Australia’s leading banks may have landed themselves in hot water and could stand to lose billions after becoming embroiled in an international lawsuit launched by two US hedge funds and a derivative trader in connection with alleged rate rigging, according to The Sydney Morning Herald today.
Rate Rigging Allegations
ANZ, Westpac, National Australia Bank and Macquarie Group are among several international banks that have this week been hit with legal action over allegations that traders at the banks rigged the bank bill swap rate (BBSW).
The BBSW determines the rate that banks charge to lend to each other and helps define the rates for business and commercial loans. ANZ, Westpac and National Australia Bank have reportedly denied the allegations.
The complaint, which accused Australia’s main financial institutions of racketeering, wire fraud and collusion under America’s RICO act, also pointed out that the alleged rigging had a “reasonably foreseeable effect on US domestic commerce”.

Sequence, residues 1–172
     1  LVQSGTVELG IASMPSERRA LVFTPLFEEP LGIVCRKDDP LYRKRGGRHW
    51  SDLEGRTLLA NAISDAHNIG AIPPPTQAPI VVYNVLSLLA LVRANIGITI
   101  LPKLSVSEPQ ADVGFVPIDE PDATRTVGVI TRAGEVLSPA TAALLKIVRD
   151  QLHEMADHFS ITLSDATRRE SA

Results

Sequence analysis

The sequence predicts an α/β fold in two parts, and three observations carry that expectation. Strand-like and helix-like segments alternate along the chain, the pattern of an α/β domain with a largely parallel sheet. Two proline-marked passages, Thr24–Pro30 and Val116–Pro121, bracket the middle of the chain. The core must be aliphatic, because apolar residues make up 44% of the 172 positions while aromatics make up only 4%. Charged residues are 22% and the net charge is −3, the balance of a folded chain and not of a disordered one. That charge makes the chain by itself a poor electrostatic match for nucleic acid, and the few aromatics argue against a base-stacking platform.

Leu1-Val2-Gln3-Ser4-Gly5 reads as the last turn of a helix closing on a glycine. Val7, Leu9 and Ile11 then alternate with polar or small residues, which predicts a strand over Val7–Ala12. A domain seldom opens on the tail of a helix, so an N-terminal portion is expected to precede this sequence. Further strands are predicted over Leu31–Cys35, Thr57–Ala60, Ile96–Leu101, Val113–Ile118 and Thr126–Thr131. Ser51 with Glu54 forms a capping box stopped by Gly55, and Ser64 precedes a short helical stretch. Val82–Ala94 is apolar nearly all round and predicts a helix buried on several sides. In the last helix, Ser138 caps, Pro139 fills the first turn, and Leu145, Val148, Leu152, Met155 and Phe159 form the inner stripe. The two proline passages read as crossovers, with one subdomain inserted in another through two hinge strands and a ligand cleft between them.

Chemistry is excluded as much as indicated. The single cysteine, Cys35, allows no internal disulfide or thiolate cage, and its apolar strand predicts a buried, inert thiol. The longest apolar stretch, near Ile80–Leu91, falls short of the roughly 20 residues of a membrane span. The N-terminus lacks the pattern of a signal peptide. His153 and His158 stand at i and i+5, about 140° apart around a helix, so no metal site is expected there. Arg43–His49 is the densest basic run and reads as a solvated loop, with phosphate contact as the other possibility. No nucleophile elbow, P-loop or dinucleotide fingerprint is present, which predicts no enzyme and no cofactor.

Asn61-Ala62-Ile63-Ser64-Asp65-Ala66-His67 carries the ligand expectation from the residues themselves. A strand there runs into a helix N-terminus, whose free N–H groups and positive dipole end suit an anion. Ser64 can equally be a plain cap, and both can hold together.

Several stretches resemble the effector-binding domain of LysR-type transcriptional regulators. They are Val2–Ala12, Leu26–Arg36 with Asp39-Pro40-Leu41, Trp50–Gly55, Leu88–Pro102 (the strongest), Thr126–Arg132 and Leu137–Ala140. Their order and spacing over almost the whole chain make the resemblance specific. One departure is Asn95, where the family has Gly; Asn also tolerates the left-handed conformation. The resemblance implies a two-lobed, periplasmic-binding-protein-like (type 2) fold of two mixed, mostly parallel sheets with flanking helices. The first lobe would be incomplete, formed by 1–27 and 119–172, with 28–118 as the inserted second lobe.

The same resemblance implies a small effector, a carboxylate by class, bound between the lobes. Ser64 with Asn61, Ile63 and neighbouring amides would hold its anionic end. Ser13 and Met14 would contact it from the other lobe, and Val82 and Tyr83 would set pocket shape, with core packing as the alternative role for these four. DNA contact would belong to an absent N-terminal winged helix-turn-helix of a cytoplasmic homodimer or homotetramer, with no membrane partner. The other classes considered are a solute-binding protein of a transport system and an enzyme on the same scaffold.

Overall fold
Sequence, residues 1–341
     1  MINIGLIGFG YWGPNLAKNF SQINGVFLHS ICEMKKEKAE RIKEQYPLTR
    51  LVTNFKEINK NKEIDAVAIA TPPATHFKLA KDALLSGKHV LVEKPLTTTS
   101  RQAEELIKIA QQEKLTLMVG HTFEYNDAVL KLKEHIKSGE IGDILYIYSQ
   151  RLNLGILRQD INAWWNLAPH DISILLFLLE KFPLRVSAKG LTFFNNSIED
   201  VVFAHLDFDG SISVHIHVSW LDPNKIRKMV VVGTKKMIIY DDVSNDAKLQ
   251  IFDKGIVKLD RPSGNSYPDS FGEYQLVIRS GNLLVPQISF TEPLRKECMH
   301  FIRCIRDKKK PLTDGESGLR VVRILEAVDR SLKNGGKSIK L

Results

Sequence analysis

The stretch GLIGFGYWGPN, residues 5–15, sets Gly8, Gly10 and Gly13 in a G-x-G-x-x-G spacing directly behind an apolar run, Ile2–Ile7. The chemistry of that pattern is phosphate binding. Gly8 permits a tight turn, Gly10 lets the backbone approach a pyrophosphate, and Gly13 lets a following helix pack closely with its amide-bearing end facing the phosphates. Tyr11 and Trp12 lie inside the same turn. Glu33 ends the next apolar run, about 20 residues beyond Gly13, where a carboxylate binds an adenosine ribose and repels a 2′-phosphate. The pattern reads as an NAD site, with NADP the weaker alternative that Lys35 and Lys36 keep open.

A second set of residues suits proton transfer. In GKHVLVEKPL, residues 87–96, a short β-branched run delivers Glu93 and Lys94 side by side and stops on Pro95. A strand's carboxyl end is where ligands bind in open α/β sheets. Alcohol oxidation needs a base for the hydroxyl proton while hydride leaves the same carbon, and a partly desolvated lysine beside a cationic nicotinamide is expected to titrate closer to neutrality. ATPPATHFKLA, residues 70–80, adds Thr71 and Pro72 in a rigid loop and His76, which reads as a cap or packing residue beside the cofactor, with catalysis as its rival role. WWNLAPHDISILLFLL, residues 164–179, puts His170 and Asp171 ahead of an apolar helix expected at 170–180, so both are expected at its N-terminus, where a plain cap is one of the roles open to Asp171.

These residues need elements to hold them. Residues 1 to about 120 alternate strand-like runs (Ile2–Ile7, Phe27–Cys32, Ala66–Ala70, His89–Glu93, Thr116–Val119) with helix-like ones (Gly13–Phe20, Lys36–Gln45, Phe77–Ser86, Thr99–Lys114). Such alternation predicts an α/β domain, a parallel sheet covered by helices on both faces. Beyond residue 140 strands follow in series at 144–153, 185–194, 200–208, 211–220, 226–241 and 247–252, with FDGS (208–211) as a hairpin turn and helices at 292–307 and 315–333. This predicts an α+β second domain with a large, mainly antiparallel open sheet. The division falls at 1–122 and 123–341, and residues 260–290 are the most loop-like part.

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As a result of their alleged wrong-doings, the banks now face the possibility of major fines and significant legal action.
ASIC Legal Action
ANZ, Westpac and National Australia Bank are already fighting legal action launched by ASIC, Australia’s corporate watchdog, over their alleged manipulation of the rate.
The new complaint was filed in a US court by Florida-based derivative trader, Richard Dennis and hedge fund Sonterra Capital Master Fund and Frontpoint Financial Services.
While ASIC is not involved in the new filing, the US complaint said the ASIC action had revealed strong evidence, including emails, phone calls and electronic chats, demonstrating a conspiracy among BBSW panel banks and inter-dealer brokers to fix the prices of BBSW-based derivatives.
The big four banks have in recent months faced criticism over huge profits and CEO salaries and there have also been previous revelations of corporate misconduct leading to major concerns about banking corporate culture.
ASIC has not yet launched action against the Commonwealth Bank but is expected to do so in the near future.